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SIR JOHN FROISSART Chronicles of England, France, Spain and the adjoining countries from the latter part of the reign of Edward II to the coronation of Henry IV. Vol.2

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SIR JOHN FROISSART
Chronicles of England, France, Spain and the adjoining countries from the latter part of the reign of Edward II to the coronation of Henry IV. Vol.2
page 411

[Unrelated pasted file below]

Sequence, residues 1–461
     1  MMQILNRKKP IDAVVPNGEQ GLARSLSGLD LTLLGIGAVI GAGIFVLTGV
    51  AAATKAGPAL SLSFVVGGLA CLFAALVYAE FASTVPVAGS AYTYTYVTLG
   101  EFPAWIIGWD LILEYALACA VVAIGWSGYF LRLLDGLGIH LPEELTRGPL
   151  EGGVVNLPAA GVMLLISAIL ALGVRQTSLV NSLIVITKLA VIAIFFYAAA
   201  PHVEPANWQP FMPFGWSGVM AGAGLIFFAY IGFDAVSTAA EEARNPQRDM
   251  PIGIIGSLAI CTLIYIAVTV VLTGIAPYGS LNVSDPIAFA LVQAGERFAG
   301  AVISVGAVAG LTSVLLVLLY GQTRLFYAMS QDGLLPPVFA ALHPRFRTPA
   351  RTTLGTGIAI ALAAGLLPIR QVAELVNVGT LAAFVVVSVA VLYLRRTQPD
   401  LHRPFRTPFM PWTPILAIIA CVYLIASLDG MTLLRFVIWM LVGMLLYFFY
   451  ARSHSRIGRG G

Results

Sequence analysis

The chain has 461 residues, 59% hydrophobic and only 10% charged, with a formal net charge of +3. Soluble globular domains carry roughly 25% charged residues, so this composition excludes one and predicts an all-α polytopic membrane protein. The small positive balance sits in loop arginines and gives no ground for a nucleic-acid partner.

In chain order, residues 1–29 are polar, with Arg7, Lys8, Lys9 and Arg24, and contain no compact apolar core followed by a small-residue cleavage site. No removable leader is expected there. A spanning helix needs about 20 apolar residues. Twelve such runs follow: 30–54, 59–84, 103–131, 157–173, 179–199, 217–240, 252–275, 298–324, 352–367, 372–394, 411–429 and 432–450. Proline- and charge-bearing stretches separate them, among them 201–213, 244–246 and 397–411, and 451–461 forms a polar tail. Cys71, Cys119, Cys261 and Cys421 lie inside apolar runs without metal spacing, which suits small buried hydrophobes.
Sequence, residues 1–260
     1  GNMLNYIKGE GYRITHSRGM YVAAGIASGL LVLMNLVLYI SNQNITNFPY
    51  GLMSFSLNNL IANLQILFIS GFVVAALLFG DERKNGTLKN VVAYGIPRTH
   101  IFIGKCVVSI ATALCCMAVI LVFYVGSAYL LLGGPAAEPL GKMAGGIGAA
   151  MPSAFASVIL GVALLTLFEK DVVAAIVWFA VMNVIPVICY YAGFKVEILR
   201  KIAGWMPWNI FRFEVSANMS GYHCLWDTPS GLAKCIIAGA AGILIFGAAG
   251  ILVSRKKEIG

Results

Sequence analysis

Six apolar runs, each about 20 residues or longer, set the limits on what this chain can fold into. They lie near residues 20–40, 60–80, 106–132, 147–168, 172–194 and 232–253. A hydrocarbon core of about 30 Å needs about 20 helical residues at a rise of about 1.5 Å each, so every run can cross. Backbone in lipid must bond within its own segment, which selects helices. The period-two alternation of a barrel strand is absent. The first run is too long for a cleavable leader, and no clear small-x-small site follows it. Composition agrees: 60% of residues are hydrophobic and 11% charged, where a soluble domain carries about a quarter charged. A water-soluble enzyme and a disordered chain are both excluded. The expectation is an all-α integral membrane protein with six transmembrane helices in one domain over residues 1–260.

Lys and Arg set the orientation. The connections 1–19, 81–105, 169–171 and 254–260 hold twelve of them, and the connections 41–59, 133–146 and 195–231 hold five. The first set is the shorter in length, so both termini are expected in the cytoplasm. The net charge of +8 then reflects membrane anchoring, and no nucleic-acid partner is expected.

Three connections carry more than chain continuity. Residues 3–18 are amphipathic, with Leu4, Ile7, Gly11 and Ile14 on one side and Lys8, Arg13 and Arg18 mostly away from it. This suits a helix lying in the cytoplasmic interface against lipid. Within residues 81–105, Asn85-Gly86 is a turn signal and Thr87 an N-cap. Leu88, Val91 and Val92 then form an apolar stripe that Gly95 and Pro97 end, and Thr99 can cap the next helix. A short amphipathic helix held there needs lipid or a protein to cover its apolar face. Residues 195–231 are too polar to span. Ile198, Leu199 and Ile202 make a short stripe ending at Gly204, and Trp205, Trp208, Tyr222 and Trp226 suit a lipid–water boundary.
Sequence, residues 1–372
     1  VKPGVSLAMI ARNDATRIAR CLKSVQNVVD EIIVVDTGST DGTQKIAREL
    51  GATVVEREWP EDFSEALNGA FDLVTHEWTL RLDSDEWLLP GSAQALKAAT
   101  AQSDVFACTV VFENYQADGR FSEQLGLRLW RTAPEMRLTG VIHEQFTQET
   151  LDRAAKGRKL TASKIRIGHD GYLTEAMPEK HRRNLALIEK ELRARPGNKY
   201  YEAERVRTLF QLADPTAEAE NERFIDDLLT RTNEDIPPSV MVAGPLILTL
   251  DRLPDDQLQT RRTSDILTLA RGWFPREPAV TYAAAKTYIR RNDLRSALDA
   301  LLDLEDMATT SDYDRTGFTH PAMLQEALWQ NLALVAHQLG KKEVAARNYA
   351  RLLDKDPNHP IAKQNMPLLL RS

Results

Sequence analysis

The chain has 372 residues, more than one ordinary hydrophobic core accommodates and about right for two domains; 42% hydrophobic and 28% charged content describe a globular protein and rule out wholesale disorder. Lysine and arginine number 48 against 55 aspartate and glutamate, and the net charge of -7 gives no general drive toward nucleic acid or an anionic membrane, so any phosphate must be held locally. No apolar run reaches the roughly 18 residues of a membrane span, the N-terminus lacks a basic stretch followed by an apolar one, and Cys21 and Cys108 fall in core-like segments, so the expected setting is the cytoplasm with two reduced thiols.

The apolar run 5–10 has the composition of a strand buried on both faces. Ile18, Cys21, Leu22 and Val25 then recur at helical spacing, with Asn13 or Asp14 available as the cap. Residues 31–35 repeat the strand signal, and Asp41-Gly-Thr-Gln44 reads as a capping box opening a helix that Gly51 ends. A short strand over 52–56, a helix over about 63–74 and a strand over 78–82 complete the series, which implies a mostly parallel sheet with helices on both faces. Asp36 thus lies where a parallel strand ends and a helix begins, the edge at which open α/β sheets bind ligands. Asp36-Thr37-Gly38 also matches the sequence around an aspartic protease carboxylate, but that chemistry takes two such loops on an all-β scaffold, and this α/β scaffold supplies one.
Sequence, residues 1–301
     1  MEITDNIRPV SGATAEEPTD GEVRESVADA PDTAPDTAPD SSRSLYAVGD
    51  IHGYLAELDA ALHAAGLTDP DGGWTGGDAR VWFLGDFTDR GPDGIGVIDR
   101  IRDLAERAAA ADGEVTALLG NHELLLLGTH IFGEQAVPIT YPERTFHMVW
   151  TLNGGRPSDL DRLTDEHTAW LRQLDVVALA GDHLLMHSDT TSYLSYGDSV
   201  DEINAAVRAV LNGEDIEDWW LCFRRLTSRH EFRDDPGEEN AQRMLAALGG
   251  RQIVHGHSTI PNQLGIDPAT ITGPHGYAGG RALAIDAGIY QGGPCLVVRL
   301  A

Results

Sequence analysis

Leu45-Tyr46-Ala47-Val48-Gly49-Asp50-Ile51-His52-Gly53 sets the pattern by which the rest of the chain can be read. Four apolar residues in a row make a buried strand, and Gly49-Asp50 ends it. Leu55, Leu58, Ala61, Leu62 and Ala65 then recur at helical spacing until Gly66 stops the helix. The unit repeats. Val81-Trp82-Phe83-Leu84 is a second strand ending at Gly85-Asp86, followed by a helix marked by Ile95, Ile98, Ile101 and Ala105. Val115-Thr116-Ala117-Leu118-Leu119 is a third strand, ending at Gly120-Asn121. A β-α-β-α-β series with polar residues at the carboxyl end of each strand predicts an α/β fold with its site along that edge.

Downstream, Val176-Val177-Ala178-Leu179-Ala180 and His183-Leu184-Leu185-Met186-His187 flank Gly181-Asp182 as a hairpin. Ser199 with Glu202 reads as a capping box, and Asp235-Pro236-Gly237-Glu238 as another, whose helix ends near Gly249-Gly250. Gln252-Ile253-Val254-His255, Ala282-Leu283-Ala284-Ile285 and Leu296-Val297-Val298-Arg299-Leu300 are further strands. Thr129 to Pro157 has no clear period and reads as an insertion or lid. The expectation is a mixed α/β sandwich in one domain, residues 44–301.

m before faid, he employed people night and day the more ftrongly to fortify the city. He had alfo a large body of men at arms, Navarre foldiers and Engliih archers, and other companions with him. There were among the inhabitants fome very de-termined and able pen, fuch as John Maillart, his brother Symon, and many of their relations, by whom he was very much difliked on account of his hatred to the duke of Normandy ; but the provoft had attached to himfelf fuch a ftrong party, that no one dared to contradi6t him, unlefs he wi(hed to be murdered without mercy. ' The king of Navarre, who was acquainted with all this variance between the duke of Normandy and the Parifians, juftly imagined, that things could not, long continue in their prefent ftate ; nor had he any very great confidence in the commonalty of Paris : he therefore quitted Paris as handfomely as he could, and went to St. Denis, where there was a large body of men at arms in the pay of tbe Parifians. • In this portion, the king remained for fix weeks, and the duke at Charenton. ' The two armies pil-i laged and ruined the country on all fides, t- The archbifhop of Sens, the bifhop of Auxerre, the bifhôp of Beauvais, the lord of Montmorency, the lord ôf Fiennes ' and the lord de St. Venant undertook to mediate between them. They ma-naged fo wifely with both parties, that thé king of Navarre, of his own free will and accord, went to the duke, his brother-in-law, at Charentpn, and made excufes for having given him caufe of fufpicion. Firft, m


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